The proteins are also instrumental in maintaining a high acid-base balance which is critical for human survival.  The body adjusts its acid-base by using the proteins as buffers.

        The proteins are stored as backup sources of energy in case of lower intakes of glucose or carbohydrates.

It is imperative that the diet of an individual contain complete proteins in that they have all the needed amino acids. If the diet has an incomplete protein, it means that some amino acids are missing. The Complete proteins are found in animal proteins and soy (Hopper et al., 2008). The incomplete proteins lacking some amino acids include the beans, vegetables, nuts, and grains. These are the plant sources of protein and do not contain all the essential amino acids. The critical times to take proteins is in the morning in combination with simple carbohydrates since the body is in a catabolic state and that one has not eaten since dinner (Mercola, 2015).

Carbohydrates

The carbohydrates provide up to approximately 45% to 65% of the body’s calories (Brandon, 2009). Sugar molecules are the most basic structures of carbohydrates and classified according to the number of sugars that they may contain. They are the body’s primary source of fuel and are easily used by the body for energy since virtually all the cells in the human body can use glucose as a source of energy. Utilized by the major organs such as the kidneys, the brain and the heart in their functioning. They may be stored in the muscles and liver and then later used as a source of energy and are very essential in intestinal health and waste elimination by the human body (Brandon, 2009). They are found in some starchy foods such as grains and potatoes, milk, fruits and even yogurt, there are also some plant products such as bean, vegetables, and nuts but are present in lesser amounts.

There are some of the types of carbohydrates that the human body is not in a position to digest. Such carbohydrates include fiber and may pass through the intestinal tract intact to help in the removal of wastes from the human body (Brandon, 2009). Any diets taken in and are low in fiber may result in constipation, hemorrhoids and even lead to an increased risk of some cancers such as the colon cancer. Taking diets rich in fiber as a source of carbohydrates reduces the risk to heart diseases, obesity and are also key to lowering cholesterol. Some of the foods that have high fiber include fruits, vegetables, and some whole grain products.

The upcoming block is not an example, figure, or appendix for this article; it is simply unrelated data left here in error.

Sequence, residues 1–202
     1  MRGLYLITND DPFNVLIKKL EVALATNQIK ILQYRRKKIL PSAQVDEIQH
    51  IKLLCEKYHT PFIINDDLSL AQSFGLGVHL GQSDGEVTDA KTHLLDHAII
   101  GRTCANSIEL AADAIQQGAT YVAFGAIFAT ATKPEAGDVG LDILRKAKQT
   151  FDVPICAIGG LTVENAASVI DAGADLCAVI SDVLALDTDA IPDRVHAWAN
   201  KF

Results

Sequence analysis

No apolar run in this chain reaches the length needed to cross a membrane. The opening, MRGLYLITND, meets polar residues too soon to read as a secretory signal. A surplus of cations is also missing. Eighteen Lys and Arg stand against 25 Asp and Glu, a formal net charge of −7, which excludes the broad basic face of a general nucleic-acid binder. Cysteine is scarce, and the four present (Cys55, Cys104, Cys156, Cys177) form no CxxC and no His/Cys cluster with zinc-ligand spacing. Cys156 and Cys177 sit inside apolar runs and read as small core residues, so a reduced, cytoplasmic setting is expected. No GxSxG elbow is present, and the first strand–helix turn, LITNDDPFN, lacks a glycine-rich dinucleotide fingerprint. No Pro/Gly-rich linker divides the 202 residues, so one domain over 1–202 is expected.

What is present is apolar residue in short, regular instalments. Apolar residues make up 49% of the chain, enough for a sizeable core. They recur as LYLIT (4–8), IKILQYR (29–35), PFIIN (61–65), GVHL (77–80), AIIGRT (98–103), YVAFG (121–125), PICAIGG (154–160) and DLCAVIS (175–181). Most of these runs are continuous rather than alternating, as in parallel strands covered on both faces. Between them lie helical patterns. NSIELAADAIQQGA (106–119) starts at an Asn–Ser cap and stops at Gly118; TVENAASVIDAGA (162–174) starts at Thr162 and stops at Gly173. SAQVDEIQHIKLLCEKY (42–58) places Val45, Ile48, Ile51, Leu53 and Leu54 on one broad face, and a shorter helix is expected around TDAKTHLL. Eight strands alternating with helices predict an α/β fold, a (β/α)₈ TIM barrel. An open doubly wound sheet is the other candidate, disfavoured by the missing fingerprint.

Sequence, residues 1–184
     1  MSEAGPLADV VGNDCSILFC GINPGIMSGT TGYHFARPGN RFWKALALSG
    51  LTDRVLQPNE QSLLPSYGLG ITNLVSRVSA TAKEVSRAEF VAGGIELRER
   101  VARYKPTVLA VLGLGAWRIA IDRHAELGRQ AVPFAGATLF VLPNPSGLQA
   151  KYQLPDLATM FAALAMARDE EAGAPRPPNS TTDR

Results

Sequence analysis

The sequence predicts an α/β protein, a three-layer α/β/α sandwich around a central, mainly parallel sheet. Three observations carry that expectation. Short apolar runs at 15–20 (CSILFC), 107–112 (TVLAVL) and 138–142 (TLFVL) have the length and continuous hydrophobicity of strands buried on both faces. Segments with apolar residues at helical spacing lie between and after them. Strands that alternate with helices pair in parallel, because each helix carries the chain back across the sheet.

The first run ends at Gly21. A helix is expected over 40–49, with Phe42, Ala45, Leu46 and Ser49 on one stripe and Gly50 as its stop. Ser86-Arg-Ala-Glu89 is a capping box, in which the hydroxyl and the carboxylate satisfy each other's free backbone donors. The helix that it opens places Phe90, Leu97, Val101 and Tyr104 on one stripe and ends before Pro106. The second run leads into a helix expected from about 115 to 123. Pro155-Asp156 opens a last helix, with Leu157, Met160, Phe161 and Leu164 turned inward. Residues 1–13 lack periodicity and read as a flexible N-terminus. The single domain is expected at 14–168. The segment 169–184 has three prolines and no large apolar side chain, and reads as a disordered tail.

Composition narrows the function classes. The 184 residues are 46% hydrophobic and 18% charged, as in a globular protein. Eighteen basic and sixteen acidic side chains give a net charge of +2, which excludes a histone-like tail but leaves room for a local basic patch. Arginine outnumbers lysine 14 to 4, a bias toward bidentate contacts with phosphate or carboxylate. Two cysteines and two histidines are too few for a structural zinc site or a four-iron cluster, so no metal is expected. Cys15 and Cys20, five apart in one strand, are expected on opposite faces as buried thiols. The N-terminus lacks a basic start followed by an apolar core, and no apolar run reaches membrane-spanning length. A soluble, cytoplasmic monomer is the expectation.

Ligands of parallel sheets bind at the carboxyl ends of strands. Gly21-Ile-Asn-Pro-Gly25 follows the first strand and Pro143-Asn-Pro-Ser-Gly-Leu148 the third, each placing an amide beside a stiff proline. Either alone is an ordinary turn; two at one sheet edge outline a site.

They may be classified into simple carbohydrates or complex carbohydrates. The simple carbohydrates are usually naturally present in fresh fruit, milk and also some processed foods; commonly referred to as sugars. The simple carbohydrates may also be single sugars called monosaccharides, or they may also be disaccharides if they are more than one sugar molecule. Glucose which is a monosaccharide is one of the most abundant sources of energy to the human brain. The most common disaccharides are the sucrose, table sugar and also the lactose. Lactose is the source of the gas that most people experience bloating immediately they take milk. The complex carbohydrates are those that contain more than two sugar molecules.

Fats